Sugar has been under attack a lot recently for the health problems it causes. For a very long time sugar was thought to be perfectly safe, but nowadays we know that it can give you diabetes, heart disease, and tooth decay.
Importantly for us, it is also one of the very biggest causes of acne. Sugar has been linked to several of the conditions that are big causes of acne, most notably chronic inflammation and severe insulin resistance.
Before you get horrified at the thought of reducing all sugar, remember this: sugar will only harm you in large amounts. The average person with acne consumes a vast amount of sugar nowadays and that is what causes problems.
Getting moderate amounts of sugar from healthy foods will not damage your skin at all. We are well adapted to eating sugar; almost all fruit and vegetables contain sugar, even broccoli contains 1.5 grams per 100 grams.
If however, you are like the average acne patient and get a vast amount of sugar each day, then it is highly likely that sugar is one the biggest causes of your acne.
A brief history of sugar
If we look at sugar’s history then you can easily make the case that it is behind the seemingly much worse acne of today. For many thousands of years sugar was only eaten in the Indian subcontinent. They were the first to extract a sugary liquid from the sugar cane plant, and the first to use it in their meals, for many centuries before it ever reached the rest of the world.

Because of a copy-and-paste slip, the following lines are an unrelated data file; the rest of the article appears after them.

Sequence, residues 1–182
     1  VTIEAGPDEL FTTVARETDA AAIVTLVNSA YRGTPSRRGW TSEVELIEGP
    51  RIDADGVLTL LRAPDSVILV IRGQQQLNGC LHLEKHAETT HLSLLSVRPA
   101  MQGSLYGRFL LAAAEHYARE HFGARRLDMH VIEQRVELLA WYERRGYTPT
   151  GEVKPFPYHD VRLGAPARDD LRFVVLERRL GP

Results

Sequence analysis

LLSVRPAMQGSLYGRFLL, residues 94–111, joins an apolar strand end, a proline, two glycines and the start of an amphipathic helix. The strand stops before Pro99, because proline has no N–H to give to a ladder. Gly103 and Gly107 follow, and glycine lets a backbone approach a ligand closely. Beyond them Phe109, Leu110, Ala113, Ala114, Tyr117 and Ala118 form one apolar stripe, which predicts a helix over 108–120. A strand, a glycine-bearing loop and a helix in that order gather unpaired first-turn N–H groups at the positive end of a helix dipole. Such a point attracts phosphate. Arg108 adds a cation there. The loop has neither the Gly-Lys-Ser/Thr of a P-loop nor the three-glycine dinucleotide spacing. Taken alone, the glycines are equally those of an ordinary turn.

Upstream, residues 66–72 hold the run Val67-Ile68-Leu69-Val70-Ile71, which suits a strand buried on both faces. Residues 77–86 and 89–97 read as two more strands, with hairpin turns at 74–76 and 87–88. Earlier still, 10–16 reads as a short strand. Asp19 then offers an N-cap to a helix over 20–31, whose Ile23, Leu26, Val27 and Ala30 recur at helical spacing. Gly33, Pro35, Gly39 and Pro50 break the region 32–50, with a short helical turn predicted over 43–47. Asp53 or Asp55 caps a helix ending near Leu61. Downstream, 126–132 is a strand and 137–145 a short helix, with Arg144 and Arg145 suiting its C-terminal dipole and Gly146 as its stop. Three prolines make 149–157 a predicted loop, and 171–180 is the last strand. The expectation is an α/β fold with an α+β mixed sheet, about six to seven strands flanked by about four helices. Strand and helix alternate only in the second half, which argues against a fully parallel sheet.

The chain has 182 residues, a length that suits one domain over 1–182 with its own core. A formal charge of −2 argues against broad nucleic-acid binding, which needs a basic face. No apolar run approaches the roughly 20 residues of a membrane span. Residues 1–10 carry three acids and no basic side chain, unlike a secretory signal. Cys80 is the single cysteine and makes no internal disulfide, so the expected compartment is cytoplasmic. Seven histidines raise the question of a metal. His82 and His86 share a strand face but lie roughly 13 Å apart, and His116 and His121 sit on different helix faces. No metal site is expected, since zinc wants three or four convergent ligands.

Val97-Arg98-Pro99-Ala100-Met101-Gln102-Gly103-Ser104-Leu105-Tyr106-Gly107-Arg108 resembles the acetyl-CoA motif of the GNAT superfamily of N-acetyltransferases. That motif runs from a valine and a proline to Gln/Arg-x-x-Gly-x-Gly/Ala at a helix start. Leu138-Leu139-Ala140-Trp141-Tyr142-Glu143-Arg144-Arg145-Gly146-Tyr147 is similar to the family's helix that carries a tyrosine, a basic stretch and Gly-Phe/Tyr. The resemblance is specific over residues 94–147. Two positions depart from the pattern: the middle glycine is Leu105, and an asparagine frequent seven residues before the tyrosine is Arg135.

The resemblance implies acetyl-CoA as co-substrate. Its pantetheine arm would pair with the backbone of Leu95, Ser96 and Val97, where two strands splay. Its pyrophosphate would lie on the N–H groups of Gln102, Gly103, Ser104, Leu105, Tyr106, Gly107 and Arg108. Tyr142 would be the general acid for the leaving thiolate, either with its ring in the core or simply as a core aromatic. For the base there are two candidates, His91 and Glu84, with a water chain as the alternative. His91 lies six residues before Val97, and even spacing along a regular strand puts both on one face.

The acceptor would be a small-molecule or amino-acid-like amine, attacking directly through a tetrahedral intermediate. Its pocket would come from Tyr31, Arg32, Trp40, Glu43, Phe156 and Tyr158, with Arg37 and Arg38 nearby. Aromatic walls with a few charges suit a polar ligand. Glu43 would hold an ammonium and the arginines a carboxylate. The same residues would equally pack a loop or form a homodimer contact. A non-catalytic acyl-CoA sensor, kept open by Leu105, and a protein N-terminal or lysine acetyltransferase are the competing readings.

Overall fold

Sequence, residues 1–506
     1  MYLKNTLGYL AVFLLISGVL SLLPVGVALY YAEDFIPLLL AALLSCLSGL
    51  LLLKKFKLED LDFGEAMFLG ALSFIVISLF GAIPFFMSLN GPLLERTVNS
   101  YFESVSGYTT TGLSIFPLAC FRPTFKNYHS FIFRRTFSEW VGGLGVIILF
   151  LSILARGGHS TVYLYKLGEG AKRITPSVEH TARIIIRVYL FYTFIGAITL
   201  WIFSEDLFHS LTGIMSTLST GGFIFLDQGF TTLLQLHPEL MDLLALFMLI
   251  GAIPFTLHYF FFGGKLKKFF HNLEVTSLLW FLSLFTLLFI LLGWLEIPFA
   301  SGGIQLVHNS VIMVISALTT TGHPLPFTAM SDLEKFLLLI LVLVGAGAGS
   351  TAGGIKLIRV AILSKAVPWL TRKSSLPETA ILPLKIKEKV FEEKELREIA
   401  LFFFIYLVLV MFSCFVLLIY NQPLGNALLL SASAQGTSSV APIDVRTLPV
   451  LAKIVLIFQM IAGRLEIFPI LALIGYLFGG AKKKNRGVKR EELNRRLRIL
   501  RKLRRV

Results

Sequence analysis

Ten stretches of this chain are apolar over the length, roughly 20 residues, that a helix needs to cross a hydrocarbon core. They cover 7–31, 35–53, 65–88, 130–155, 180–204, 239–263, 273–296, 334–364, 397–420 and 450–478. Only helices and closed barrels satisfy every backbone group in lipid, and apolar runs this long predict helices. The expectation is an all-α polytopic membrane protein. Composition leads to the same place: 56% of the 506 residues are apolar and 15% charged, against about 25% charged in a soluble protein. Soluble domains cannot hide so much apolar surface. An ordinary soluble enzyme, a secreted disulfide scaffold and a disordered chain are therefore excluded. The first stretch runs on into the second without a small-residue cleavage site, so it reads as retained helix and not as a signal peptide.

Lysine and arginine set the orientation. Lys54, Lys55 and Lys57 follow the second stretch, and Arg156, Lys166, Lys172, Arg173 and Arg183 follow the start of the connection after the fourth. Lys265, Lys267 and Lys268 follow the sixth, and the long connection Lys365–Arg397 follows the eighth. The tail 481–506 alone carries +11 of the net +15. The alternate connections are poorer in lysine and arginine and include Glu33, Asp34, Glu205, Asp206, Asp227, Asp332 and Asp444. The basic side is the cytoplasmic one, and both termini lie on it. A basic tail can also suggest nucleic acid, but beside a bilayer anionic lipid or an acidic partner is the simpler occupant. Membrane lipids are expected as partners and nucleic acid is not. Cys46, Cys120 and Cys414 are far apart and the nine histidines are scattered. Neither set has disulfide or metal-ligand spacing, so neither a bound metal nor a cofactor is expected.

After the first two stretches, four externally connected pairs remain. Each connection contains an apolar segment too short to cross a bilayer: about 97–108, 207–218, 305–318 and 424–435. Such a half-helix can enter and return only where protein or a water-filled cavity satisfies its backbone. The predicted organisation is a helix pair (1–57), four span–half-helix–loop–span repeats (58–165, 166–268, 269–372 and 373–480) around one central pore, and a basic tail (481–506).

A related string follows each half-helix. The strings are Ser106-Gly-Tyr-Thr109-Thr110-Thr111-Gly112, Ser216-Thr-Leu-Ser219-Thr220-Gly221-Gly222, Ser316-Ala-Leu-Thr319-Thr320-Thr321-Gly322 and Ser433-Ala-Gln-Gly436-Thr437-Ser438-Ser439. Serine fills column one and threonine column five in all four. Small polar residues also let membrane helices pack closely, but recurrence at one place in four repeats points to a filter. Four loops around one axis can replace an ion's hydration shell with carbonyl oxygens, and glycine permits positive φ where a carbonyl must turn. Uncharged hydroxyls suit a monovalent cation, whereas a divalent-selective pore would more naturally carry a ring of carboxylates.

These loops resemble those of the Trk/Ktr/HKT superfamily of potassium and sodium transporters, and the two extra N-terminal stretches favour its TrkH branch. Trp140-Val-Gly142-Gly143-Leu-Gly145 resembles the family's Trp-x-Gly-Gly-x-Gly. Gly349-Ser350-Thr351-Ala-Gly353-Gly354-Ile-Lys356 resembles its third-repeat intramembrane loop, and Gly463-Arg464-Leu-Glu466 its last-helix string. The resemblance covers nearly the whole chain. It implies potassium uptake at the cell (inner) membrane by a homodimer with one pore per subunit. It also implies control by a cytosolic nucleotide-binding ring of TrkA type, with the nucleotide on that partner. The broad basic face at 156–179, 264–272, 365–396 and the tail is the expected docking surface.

Then one day Darius, the Persian Emperor, decided to invade. His people had previously used honey as a sweetener, so he was delighted to find the Indians using sugar instead. He then took it back to the Middle East, planted it, and produced a supply for his own people.
Eventually the Middle Easterners started exporting sugar to the rest of the world and it reached Britain in about 1300AD. Like the Persians, the British had been using honey for centuries, but by about 1300 we have records that King Henry III was using sugar and it’s highly likely that other wealthy noblemen were as well.
However the average middle class person was eating almost none; because of the limited supply from the Middle East, a single pound of sugar cost $75 in today’s money.
That all changed thanks to the discovery of the Americas. Christopher Columbus had discovered the Americas and he got the smart idea of planting the sugar cane in Jamaica. The idea was a roaring success and from the mid-1600s production took off massively.
But the average middle class person still couldn’t afford it until the mid-1800s, because the UK government placed a heavy tax on sugar imports. It wasn’t until 1869, when UK PM William Gladstone repealed the sugar tax, that middle class people could finally eat sugar in their regular diet.
The sugar situation today